October Newsletter

Are You Valuable?

Teenagers Ask This Question…

I coach high school students. This means I sit across from them and listen carefully as they talk about their goals, struggles, and hopes for the future.

My role is to ask great questions, pay attention to their reactions, and help them move forward. 

Here’s what they’re all asking, even when they don’t say it out loud: Am I valuable? 

From that question, comes others …

If I am valuable, why am I always left out? What if I’m only valuable for what I’m doing—and I stop doing that?

Who cares about me? Or, more honestly, why does anyone care about me?

The $50 Cup!

Here’s another part of meeting with teenagers. Lots of them have these $50 tumblers called Stanleys. Or, as one of my students called it, “my emotional support water bottle.”

Stanleys are valuable. They keep ice solid for hours through the Texas heat and also feature a big straw and a helpful handle. 

After watching many teenagers lug these mega-sized tumblers through the halls, I broke down and bought one. And yep. Water bottle perfection. My Stanley is with me everywhere I go. 

Stickers, Meet the Dishwasher.

But then I made a dumb choice. In a terrible decision to personalize my Stanley, I put stickers on it. Unfortunately, I then ran it through the dishwasher. Now, the peeling sticker residue makes my $50 look dingy.

Honestly, though, the grime doesn’t really matter. Even with the gunk on the outside, the inside still keeps my sparkling water cold and my coffee hot. Of all the tumblers I could use, my Stanley remains my very favorite.

Our Value Doesn’t Change.

As your high school student strives to feel worthy, they’ll experiment with different identities. To feel more valuable, they might attach themselves to bad ideas. They’ll abandon their goals. They’ll make terrible choices. They’ll cover themselves with proverbial stickers, mess up, and walk around with the ugly stains of those decisions. 

Here’s the truth to share with your high schooler: your value has not changed. You still belong to God. He always loves you and always sees you as valuable. Ugly stickers of dating the wrong person, fighting with your friends, failing a test will not change your identity in Christ. Remember—nothing can change your worth to God. 

We All Believe We’re Imposters.

For every Stanley in the world, there are just as many imposters. Knock-off tumblers still keep water cold—even without the famous Stanley logo (or the famous price tag). What’s on the outside doesn’t matter nearly as much as what’s inside. Yes, these other tumblers d look different. They might even feel a bit unusual—but they are still valuable.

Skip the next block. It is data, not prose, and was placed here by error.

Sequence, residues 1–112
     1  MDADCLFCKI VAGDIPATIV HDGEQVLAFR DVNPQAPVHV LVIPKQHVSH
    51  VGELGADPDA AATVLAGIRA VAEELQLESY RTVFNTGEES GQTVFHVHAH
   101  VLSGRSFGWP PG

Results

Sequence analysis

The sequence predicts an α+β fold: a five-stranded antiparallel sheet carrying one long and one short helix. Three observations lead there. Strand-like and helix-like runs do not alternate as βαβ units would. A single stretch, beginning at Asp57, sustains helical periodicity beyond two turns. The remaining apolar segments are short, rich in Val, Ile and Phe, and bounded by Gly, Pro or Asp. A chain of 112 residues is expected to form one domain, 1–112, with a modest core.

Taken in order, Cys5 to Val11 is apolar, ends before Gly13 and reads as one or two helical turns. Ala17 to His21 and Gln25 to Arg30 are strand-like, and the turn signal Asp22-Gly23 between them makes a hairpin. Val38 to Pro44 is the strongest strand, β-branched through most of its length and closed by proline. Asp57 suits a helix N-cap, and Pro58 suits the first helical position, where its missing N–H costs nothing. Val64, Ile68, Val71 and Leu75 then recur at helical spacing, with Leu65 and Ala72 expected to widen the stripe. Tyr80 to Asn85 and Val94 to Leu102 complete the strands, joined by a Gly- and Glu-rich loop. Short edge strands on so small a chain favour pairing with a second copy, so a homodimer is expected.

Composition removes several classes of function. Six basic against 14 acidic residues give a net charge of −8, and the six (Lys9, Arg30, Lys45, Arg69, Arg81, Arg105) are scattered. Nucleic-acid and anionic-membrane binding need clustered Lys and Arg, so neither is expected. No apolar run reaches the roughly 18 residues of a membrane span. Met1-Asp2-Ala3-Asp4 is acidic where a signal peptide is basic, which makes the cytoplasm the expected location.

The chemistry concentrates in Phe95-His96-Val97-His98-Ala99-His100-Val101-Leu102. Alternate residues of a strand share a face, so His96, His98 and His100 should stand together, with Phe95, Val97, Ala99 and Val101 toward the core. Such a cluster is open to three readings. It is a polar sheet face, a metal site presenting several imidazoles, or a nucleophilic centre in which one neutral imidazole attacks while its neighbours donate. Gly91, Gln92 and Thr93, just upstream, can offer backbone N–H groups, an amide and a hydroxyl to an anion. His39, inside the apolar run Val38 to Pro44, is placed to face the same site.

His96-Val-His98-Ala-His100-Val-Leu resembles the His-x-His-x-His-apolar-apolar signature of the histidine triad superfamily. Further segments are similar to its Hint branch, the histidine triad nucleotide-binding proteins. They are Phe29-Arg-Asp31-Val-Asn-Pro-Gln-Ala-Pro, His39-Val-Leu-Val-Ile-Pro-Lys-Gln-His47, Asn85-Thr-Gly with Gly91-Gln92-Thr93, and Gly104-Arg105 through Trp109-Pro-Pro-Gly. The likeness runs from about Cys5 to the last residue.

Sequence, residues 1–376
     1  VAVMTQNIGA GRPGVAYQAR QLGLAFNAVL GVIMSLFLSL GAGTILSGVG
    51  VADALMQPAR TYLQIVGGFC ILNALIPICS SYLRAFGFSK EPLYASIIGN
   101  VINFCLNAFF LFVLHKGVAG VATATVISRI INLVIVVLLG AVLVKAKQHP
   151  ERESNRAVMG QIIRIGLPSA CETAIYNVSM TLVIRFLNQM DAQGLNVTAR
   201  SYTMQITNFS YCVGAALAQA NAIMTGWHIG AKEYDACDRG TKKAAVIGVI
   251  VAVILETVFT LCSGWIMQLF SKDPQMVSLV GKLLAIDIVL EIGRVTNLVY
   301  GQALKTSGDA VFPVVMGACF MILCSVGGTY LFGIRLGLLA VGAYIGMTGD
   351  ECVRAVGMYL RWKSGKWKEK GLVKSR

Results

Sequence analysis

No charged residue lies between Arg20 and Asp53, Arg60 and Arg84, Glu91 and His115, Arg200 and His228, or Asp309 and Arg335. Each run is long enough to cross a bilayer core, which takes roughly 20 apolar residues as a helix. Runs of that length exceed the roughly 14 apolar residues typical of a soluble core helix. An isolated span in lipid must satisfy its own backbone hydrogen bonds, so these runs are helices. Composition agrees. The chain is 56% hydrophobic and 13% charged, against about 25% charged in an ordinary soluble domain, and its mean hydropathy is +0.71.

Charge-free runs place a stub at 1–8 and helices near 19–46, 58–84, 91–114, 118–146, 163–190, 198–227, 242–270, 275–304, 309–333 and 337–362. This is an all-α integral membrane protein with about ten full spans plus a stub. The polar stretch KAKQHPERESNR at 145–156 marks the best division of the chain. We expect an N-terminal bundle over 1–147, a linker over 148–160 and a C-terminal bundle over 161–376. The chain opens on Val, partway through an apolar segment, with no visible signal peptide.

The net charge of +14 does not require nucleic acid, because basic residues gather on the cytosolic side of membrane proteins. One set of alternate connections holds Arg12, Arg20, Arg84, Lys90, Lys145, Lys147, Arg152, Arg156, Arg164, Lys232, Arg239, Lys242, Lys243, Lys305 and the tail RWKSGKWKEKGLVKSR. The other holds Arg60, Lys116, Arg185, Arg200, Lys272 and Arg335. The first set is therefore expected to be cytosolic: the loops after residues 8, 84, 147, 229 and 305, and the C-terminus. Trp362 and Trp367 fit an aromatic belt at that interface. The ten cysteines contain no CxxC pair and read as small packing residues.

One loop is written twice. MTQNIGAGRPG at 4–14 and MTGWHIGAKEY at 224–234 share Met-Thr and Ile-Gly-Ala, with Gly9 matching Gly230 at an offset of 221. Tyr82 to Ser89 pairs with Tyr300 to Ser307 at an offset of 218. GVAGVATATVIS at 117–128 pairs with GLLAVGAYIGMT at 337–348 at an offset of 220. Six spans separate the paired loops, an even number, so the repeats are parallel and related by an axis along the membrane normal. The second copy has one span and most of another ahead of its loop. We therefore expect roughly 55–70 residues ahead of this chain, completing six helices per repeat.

In the same way, God created each of us to be His unique design. This individuality makes us exquisite. This is why you should never decide your value by comparing yourself to someone else. 

Encourage your teenager that they are worthy because of God’s huge, miraculous love for them. Tell your son/daughter, “You are never second rate. Even with all your insecurities, all your mess-ups, and all the ways you haven’t figured life out yet. You are so valuable for exactly who God created you to be. He loves you and gave you this specific story, these talents, and these people.”

We Become What We Consume.

My Stanley-love was temporarily tainted when I heard rumors about mold. It doesn’t take a biology teacher to tell you that a warm, moist straw could become a petri dish for mildew. Yuck.

In some cases, these tiny bits of mold have caused stomach problems. The message from the science experiment going on in your Stanley straw is clear—be careful what you consume. 

Of course, as a parent, you know this warning reaches beyond a moldy straw. Your teenager is also consuming hours of social media, YouTube, and questionable internet content. How does what they watch affect the way they see themselves?

What if You Fasted from Scrolling?

I teach a religion class called Articulating Your Faith. Last month, my class experimented with what they consume. These students gave up social media for a week. They replaced mind-numbing scrolling with reading their Bibles.

They reported better everything. They discovered that what they consume affects the way they see themselves.

A steady diet of shiny Instagram posts makes you compare yourself and feel unworthy. Hours of mindless videos zaps your motivation. If you want to feel valuable, you probably won’t find that message in your cell phone.

Ask your teen to pay attention to this. How does what you consume affect you? Do you see yourself differently after you scroll? Remind them that God wants them to take care of themselves—this includes what they are watching. 

Look at Psalm 139:1-6 to understand how God sees you—you are enough, worthy of every blessing, fully forgiven because of Jesus Christ, and eternally valuable. Nothing can change that.  

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